Crazed socialist relicts
Watermelons: green on the outside, red on the inside. This is the theme of my forthcoming book on the controlling, poisonously misanthropic and aggressively socialistic instincts of the modern environmental movement. So how very generous that two of that movement’s leading lights should have chosen the anniversary of Climategate to prove my point entirely.
The first comes courtesy of German economist and IPCC official Ottmar Edenhofer who has openly admitted what some of us have been saying for some time: that “Climate Change” has nothing to do with man’s modest and thoroughly unthreatening contribution to global mean temperatures, nor even with the plight of baby polar bears so sweet you could almost hug them if you didn’t know they’d take your arm off in a trice. All it is, really, is a Marxist exercise in minority grievance-mongering and wealth redistribution on a global scale.
Or, as Edenhoffer so helpfully puts it it Neue Zurcher Zeitung: (H/T Global Warming Policy Foundation):
First of all, developed countries have basically expropriatedthe atmosphere of the world community. But one must say clearly that we redistribute de facto the world’s wealth by climate policy. Obviously, the owners of coal and oil will not be enthusiastic about this. One has to free oneself from the illusion that international climate policy is environmental policy. This has almost nothing to do with environmental policy anymore, with problems such as deforestation or the ozone hole.
And if that sounds sinister, wait till you hear what our old friend Nicholas “Lord” Stern has gone and done. Nicky, you’ll remember, was the funny little World Banker responsible for possibly the most hysterically overblown policy document in the entire history of the great Global Climate Change Scam: the infamous Stern Review which recommended, inter alia, that we all go veggie in order to spare the planet from hideous boiling man-made meltdown.
Now, “Lord” Stern (of Brentford, no less) has gone one better. He has got it into his dear little head that he has the power, influence and importance to dictate terms to the US economy. If America doesn’t toe the line on CO2 emissions reductions, he has threatened, then it could jolly well find itself the victim of an international trade boycott.
I would give you the link to the Times article in which Ben Webster’s interview appears, but sadly it’s hidden behind a paywall. Still, Watts Up With That has the gist:
Lord Stern said that Europe and the Far East (sic) were forging ahead of the US in controlling emissions and switching to low carbon sources of energy. They would not tolerate having their industries undermined by American competitors that had not paid for their emissions. “If you are charging properly for carbon and other people are not, you will take that into account,” he said. “Many of the more forward-looking people in the US are thinking about this. If they see a danger on the trade front to US exports that could influence public discussion.”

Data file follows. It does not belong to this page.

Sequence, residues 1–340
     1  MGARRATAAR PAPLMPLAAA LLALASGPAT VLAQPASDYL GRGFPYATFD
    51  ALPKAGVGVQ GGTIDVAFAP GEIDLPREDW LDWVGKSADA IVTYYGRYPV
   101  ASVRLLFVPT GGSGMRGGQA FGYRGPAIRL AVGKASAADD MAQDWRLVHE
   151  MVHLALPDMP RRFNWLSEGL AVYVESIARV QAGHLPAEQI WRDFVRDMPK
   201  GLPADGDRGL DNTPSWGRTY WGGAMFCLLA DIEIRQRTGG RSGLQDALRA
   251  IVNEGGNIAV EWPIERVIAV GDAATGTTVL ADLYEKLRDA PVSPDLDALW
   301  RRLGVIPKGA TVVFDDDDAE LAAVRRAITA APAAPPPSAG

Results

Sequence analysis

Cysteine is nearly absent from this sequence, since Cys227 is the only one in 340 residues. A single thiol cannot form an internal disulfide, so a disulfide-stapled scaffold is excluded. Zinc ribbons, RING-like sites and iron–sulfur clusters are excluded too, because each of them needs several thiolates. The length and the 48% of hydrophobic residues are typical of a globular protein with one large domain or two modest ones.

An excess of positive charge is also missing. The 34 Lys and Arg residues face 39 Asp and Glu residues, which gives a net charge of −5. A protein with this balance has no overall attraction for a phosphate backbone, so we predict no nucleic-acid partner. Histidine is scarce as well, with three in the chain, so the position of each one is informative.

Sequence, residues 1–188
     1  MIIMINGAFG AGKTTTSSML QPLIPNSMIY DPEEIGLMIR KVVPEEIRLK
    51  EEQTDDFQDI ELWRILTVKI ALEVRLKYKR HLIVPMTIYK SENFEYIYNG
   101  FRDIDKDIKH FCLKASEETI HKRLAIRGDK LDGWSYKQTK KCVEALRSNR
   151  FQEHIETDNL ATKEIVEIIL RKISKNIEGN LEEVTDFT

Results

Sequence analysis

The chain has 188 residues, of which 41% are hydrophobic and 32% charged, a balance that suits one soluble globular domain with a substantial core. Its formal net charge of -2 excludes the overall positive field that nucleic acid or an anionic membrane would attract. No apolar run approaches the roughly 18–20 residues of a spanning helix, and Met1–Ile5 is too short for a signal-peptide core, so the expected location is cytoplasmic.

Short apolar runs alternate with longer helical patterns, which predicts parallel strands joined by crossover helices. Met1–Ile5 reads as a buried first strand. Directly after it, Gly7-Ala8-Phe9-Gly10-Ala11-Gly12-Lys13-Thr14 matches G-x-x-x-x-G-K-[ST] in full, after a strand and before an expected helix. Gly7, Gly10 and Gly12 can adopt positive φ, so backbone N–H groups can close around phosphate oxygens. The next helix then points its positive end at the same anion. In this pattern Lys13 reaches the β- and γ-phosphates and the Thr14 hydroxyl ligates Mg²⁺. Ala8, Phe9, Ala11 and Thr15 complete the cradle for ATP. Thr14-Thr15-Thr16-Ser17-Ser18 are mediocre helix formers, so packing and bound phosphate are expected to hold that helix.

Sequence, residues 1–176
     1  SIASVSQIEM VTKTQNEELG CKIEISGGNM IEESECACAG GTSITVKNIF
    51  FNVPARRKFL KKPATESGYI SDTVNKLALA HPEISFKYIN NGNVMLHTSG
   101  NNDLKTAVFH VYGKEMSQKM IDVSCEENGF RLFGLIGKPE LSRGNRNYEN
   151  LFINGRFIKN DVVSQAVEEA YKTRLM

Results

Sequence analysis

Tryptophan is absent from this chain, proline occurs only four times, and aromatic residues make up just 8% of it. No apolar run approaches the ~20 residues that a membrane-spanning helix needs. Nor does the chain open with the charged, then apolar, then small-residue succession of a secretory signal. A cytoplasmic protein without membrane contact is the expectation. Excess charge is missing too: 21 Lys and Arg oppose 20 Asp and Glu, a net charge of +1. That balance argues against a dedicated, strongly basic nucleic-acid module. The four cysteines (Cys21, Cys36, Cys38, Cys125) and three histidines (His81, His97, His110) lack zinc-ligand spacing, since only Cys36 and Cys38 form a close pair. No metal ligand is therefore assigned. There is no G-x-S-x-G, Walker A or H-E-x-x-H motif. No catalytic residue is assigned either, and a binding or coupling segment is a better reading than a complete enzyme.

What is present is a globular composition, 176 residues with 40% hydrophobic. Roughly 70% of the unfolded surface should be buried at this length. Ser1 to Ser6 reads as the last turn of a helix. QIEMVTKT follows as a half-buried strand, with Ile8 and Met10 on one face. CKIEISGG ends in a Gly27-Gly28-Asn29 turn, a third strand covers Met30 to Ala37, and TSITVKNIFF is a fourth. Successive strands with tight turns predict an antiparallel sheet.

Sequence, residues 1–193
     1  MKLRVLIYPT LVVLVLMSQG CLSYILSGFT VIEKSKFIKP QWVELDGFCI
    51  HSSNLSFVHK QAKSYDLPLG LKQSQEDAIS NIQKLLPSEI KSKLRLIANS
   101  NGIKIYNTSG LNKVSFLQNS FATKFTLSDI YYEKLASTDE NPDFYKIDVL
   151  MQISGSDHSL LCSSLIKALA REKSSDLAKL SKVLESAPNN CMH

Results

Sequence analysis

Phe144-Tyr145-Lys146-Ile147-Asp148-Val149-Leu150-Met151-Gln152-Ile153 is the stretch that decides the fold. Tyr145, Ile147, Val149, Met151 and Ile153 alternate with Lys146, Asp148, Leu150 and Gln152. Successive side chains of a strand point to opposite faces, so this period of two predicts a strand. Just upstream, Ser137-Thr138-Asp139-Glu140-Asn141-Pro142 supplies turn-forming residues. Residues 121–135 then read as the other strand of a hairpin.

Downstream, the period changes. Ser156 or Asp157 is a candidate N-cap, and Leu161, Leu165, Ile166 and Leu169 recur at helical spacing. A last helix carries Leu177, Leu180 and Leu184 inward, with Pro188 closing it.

Asked what type of US products could face restrictions, Lord Stern said: “Aircraft, clearly, some cars, machine tools — it’s not simply what’s in the capital good, it’s what kind of processes the capital good is facilitating.”
What a mellifluous turn of phrase the man has: “what kind of processes the capital good is facilitating.” Doesn’t it just make you SO happy to think that this veritable Gerald Manley Hopkins among economists has the ear of several G20 leaders?
But I don’t believe a word of his threat, do you? Not, at least, in so far as the Far East is concerned. Can anyone seriously imagine China or Japan or any of the Asian tiger economies severing trade links with the US in order to make a political point about a non-existent environmental problem based on “science” which they all know is a crock. For China, for the BRICs economies generally in fact, AGW is just a handy pretext for milking the Western nations of what money they can. It’s certainly not an issue over which they’d choose to lose money on a point of principle.
Where the European Union is concerned, on the other hand, Lord Stern’s toys-out-of-pram scenario looks frighteningly plausible. Frightening, that is, for those of us unfortunate enough to live in the EU and to be one of the US’s bigger trading partners; not frightening at all for the US, though, for whom if we carry on going in the direction we’re heading at the moment the EU will soon be a sclerotic, socialistic irrelevance.
Here’s my prediction: with the exception of crazed socialist relicts like California (which really ought to be allowed to secede and take its proper place on the North American continent as a kind of comedy pariah state), the US is going to grow increasingly bored with the Great Global Warming Scam. Cap and trade will go the way of the failed Chicago carbon exchange – and with it all prospects of a binding global agreement on carbon emissions.
But that’s only the beginning of the fun. Thanks to the glorious mid-terms, the House is about to fill up with red meat conservatives who know “Climate Change” is a crock and will be hoping to secure some kind of Climate Nuremberg. Then, when Obama goes in 2012, the whole AGW issue will as far as America is concerned be dead in the water.
Not in Europe, unfortunately. Increasingly, the EUSSR will look as irrelevant as the old USSR, burdened with entirely unnecessary eco-taxes and regulations, destroyed by the watermelons of the green movement. Sad, isn’t it?
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